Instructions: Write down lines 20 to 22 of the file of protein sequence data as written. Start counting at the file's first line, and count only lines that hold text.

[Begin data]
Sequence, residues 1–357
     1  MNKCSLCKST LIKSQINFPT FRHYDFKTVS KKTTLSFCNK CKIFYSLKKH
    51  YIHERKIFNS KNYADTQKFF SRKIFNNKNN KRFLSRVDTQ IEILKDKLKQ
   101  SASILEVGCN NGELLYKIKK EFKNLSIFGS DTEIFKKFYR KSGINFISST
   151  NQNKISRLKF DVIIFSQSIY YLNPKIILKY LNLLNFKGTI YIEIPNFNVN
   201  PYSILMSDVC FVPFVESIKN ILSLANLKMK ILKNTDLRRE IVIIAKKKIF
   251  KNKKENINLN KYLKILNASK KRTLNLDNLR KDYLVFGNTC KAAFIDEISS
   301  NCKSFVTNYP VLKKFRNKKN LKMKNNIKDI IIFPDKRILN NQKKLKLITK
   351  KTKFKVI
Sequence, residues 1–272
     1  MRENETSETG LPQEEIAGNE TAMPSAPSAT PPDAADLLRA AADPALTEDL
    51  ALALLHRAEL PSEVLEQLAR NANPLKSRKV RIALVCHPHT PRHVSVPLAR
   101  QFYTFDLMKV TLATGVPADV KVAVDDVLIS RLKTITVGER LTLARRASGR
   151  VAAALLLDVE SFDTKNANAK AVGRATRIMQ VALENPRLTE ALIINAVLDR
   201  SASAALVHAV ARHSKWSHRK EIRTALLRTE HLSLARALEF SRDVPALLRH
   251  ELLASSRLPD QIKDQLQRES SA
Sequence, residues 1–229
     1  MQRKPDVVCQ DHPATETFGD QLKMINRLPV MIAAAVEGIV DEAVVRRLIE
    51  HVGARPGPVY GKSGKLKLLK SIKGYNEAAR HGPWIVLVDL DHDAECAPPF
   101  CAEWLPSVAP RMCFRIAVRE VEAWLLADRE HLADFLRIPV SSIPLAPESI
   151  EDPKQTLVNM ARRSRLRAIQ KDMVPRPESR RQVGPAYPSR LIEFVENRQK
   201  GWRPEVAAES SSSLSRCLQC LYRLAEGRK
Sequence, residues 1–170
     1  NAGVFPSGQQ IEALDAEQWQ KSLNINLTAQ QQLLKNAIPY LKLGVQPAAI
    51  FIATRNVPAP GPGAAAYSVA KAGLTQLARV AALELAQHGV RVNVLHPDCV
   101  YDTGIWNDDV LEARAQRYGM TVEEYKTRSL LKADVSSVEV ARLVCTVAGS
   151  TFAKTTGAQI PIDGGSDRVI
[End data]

   101  CAEWLPSVAP RMCFRIAVRE VEAWLLADRE HLADFLRIPV SSIPLAPESI
   151  EDPKQTLVNM ARRSRLRAIQ KDMVPRPESR RQVGPAYPSR LIEFVENRQK
   201  GWRPEVAAES SSSLSRCLQC LYRLAEGRK